This month marks the 50th anniversary of John F. Kennedy's inauguration—January 20, the day that the U.S. Senator from Massachusetts took oath and famously appealed to his fellow Americans, "Ask not what your country can do for you, ask what you can do for your country."
Robert Dallek, a presidential historian and author of John F. Kennedy: An Unfinished Life, also considers the moment a determinate one in defining the role of a president. In Smithsonian's January issue, he reflects on how the president's power, particularly in foreign affairs, has expanded since Kennedy was in office.
I interviewed Dallek about his experience writing "Power and the Presidency, From Kennedy to Obama," and he seemed wary about the extent of the president's war-making powers today. (And the power in the hands of other world leaders, for that matter.) "It is really pretty daunting when you consider that not just presidents, but prime ministers, chancellors, leaders of these other countries, have this power to do such destructive things," says Dallek, whose latest book The Lost Peace looks at leadership around the globe from 1945 to 1953. His advice to his fellow Americans: "Presidents need to be critically studied and analyzed."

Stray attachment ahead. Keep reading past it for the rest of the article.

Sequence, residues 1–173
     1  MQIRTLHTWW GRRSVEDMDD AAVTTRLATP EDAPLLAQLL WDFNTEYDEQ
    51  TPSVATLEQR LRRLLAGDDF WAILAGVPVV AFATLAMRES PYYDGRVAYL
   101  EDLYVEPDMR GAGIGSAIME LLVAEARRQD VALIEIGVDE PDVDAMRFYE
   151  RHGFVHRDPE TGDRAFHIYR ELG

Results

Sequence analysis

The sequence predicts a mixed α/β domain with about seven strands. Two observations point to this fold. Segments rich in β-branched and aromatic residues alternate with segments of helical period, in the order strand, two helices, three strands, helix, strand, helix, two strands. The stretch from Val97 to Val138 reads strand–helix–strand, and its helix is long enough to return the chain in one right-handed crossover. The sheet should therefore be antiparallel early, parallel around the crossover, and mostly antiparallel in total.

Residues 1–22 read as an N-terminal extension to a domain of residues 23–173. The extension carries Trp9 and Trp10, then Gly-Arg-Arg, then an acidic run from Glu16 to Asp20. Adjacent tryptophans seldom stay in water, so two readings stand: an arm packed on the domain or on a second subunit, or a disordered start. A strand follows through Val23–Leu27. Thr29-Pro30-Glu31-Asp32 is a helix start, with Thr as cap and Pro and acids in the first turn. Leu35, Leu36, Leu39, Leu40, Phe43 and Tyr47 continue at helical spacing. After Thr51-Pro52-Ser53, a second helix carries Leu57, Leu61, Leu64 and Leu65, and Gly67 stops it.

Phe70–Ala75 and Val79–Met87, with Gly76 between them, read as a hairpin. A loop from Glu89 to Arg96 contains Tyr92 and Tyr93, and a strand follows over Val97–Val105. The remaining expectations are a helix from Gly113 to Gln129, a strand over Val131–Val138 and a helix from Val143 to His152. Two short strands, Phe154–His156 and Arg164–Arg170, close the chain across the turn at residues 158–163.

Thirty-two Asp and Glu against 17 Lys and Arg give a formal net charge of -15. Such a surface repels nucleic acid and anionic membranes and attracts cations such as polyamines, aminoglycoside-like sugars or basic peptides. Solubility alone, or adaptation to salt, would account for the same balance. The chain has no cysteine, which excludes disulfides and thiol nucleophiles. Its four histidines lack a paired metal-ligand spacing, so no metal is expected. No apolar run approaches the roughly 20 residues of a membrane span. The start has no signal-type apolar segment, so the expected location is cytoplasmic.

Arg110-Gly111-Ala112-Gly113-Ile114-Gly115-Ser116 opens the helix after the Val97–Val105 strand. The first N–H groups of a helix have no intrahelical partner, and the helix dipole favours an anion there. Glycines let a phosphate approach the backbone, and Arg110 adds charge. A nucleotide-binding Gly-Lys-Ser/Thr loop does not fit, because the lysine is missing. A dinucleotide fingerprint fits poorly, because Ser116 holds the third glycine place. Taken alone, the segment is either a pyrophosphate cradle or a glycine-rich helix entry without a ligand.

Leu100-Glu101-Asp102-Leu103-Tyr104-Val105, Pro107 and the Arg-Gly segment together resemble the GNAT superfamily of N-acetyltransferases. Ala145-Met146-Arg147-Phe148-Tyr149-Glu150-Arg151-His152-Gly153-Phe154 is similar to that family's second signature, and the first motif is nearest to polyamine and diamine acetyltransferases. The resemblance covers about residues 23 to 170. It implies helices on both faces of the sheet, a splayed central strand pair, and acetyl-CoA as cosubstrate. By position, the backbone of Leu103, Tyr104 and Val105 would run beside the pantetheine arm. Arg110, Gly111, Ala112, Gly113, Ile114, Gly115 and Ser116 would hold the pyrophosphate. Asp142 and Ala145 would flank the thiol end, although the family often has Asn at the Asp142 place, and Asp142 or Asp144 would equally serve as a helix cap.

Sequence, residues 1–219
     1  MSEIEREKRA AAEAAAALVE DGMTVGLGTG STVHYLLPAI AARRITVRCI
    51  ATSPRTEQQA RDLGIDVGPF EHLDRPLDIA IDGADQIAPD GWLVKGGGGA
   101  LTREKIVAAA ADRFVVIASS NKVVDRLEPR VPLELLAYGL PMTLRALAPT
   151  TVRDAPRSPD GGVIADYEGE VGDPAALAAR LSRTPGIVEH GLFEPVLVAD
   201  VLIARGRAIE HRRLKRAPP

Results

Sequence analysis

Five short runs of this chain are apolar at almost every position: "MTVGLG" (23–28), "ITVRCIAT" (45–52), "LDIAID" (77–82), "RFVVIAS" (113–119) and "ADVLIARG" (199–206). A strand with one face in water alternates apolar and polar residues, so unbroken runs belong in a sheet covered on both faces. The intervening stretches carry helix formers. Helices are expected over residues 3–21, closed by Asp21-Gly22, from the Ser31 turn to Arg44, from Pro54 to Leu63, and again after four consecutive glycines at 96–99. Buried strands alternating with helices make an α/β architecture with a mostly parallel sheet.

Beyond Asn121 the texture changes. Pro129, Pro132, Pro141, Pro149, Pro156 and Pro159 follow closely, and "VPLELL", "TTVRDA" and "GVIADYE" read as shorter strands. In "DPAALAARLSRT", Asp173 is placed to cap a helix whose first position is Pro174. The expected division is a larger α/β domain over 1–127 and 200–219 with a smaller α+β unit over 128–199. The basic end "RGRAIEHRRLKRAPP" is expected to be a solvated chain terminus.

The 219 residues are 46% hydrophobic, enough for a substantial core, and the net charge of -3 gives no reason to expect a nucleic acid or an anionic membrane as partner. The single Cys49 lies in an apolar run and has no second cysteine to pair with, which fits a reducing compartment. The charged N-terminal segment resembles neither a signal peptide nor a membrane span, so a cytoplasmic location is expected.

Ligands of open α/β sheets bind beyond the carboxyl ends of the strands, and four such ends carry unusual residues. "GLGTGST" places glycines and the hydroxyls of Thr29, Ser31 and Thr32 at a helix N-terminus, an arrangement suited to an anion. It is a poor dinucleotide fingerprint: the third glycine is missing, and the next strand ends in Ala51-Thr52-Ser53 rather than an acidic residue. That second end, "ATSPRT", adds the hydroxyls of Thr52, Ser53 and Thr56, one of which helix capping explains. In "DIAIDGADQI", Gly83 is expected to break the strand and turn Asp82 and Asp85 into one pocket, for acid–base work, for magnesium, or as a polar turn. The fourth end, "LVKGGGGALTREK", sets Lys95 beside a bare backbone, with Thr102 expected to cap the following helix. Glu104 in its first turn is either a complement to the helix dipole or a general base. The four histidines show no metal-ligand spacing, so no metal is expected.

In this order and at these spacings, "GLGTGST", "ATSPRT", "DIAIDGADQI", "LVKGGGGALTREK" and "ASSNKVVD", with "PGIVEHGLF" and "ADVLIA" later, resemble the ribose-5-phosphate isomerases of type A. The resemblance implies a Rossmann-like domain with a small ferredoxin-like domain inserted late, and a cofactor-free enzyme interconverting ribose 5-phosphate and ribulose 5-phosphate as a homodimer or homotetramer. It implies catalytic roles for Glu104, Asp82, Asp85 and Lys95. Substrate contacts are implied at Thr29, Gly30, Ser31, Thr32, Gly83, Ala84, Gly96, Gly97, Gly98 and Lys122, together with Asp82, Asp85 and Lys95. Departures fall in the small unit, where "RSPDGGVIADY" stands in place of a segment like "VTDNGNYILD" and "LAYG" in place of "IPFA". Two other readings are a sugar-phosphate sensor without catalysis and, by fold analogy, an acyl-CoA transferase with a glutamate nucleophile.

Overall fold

This Thursday, January 6, from 6:45 PM to 8 PM, Dallek will do just that, offering up insight about Kennedy at a Smithsonian Resident Associate-sponsored lecture in the Eugene & Agnes E. Meyer Auditorium at the Freer Gallery of Art. His presentation will discuss the Bay of Pigs invasion, the Cuban missile crisis, the nuclear test ban and relations with Southeast Asia, as well as Kennedy's struggles with his domestic agenda. Given Dallek's expertise on the subject, I imagine those in attendance will walk away with a rich understanding of Kennedy's legacy.